Filed under: naglieri test, NYC Gifted and Talented Program, OLSAT test prep | Tags: huffington post, naglieri test, OLSAT test prep
I did an interview last week with Huffington Post blogger C.M. Rubin, who grilled me for details on the test preparation process for very young children. After explaining how I first became interested in testing and why admission to gifted programs is so competitive (hint: it’s because it places children on a successful track through college), I explained that parents, not tutors, should be involved in preparing their children for the OLSAT (Otis-Lennon School Abilities Test) and Naglieri tests (NNAT-2) by incorporating some easy real-life examples into their daily routine. I also broke down the seven abilities measured by testing: language, knowledge and comprehension, memory, mathematics, visual-spatial reasoning, cognitive skills, and fine-motor skills. It’s worth noting that these tests don’t measure a child’s creativity, artistic or athletic ability, as well as social and emotional intelligence; I also discuss with C.M. the accuracy of these tests, as well as the pros and cons of hiring tutors for children as young as four.
I talked about TestingMom.com, the site where you can get 100 free practice questions and how Testing Mom offers resources and expertise to a growing worldwide customer base by offering customers a tremendous library of practice questions and online prep games. I also hashed out the difference between Testing Mom and costly intensive “cram session camps,” which don’t allow children the time needed to properly absorb the concepts measured by these tests. My personal belief is that children should learn the concepts of the test over a period of weeks or months.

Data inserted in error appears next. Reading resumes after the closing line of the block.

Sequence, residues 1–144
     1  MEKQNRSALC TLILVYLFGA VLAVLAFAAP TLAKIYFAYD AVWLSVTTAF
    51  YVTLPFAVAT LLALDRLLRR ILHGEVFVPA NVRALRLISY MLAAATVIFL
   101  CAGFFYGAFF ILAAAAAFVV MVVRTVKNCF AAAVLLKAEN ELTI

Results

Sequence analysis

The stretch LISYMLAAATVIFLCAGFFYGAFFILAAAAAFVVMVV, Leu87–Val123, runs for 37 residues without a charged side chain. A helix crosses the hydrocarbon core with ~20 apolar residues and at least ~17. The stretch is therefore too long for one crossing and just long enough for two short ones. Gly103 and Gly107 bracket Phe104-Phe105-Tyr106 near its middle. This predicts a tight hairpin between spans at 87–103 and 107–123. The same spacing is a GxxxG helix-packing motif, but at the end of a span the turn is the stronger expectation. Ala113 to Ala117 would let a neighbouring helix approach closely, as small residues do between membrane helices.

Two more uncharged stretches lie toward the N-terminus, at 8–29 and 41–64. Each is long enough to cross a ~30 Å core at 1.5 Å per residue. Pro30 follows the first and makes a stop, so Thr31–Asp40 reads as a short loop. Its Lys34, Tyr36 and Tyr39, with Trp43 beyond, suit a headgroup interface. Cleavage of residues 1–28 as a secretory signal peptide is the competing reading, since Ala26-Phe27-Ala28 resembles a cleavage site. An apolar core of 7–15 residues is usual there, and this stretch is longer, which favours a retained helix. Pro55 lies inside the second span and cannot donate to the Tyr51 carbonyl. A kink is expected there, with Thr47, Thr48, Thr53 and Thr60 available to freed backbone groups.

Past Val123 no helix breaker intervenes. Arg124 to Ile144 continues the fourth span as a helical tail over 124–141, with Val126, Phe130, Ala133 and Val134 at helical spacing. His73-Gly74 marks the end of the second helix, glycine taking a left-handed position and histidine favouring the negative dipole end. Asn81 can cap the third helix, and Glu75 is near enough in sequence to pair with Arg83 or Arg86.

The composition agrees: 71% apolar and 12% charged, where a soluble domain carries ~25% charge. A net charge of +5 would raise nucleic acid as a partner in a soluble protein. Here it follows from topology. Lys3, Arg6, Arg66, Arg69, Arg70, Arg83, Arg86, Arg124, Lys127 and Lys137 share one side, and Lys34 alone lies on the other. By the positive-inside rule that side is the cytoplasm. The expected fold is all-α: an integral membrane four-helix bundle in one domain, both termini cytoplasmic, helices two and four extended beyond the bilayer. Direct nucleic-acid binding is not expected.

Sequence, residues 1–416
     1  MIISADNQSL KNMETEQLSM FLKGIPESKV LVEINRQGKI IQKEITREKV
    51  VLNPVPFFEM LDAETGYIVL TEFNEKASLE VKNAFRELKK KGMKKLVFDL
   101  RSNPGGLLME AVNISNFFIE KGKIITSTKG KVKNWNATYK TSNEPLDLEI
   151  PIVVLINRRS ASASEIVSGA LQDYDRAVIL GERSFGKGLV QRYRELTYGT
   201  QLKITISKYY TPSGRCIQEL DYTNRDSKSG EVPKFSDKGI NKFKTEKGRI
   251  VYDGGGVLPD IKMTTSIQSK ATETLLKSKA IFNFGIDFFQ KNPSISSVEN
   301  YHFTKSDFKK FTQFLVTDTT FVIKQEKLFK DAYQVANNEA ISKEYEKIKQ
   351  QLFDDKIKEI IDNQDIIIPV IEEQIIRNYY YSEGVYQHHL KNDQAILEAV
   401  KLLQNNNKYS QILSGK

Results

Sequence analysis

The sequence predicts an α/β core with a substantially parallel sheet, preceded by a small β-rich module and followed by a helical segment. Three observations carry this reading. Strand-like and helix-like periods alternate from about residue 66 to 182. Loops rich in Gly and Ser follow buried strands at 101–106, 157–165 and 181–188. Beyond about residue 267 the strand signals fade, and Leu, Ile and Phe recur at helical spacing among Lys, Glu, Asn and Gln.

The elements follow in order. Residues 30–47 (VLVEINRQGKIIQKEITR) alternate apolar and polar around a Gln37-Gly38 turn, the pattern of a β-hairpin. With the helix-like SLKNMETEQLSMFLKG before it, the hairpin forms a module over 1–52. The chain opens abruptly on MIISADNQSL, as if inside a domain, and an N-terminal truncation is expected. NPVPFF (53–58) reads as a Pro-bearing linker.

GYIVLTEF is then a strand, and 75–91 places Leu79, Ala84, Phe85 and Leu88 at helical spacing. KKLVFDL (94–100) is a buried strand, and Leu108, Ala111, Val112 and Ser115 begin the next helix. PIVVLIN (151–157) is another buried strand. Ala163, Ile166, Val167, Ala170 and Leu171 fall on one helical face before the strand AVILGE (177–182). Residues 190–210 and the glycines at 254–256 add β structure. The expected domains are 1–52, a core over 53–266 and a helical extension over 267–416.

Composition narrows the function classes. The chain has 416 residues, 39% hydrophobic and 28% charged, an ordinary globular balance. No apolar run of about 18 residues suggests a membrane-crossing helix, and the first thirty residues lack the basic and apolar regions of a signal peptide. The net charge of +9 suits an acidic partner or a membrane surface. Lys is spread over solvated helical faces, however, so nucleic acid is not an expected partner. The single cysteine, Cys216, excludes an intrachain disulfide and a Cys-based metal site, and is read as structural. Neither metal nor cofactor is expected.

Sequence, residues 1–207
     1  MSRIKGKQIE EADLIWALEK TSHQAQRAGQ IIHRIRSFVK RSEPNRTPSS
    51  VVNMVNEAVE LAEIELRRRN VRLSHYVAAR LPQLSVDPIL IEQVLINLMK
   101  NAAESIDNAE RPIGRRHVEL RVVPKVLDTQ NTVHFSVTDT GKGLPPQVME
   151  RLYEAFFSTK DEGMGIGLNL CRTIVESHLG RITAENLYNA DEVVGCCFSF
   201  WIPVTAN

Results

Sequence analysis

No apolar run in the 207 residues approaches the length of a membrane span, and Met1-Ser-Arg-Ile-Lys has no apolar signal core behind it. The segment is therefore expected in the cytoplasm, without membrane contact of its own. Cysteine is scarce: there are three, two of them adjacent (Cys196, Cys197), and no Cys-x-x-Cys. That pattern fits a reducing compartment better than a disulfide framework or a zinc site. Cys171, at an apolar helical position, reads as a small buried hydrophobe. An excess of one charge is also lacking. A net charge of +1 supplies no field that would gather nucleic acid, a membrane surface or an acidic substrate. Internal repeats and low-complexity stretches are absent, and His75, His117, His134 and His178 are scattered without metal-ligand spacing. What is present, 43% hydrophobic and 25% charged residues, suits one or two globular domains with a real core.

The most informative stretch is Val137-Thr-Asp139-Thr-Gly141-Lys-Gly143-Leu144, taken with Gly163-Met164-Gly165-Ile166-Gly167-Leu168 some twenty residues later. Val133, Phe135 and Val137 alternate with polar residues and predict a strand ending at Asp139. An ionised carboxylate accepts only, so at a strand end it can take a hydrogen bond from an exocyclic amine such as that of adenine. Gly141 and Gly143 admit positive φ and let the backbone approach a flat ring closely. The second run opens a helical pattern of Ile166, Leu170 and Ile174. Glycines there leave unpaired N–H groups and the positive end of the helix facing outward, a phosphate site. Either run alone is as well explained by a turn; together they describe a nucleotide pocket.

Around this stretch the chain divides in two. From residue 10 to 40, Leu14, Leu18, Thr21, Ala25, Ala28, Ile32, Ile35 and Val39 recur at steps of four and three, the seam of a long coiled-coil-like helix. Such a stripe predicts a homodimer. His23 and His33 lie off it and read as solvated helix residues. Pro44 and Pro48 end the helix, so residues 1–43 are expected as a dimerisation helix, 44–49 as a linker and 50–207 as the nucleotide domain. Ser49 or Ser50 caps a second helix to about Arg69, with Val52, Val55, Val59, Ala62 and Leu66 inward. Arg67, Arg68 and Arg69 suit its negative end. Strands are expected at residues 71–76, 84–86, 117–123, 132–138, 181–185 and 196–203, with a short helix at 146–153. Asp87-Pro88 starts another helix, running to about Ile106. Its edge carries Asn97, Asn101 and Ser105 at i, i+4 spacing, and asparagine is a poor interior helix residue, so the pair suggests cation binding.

With the recent announcement of the test change next year for the NYC Gifted and Talented program it will be interesting to see how the OLSAT scores compare to the scores from this year and the impact on the total number of students eligible for this high-demand program in New York.
Filed under: NYC Gifted and Talented Program, OLSAT Test | Tags: naglieri test, NYC Gifted and Talented
In case you didn’t hear, the New York City Department of Education has decided to no longer user the BSRA (Bracken School Readiness Assessment) for entry into the NYC gifted and talented program. This only impacts students taking the G&T test this coming school year (2012-13). All the students in the program will not have to retake the test. The OLSAT test will remain in place and be used in conjunction with the Naglieri Nonverbal Abilities Test (NNAT). Keep in the mind, the NNAT-2 is much more difficult than the BSRA and is no walk in the park, that’s for sure. I’m sure this will have a direct impact of the number of students qualifying for the G&T program since the difficulty level on the NNAT is much higher when compared to the Bracken.
We still don’t know if the NYC dept. of ed. will make the NNAT test score only 25% of the admission requirement (the OLSAT test is currently 75% of the admission requirement) into the gifted program (like its predecessor) or it will become a higher percentage of the overall score required when the G&T test results come out next spring. You can read more on this policy change for the Naglieri.
If you’re looking for free Naglieri test prep questions you can go to Testing Mom and review the concepts your child will be expected to know. As you will be able to tell, these questions on the NNAT test are much more difficult than those found on the BSRA.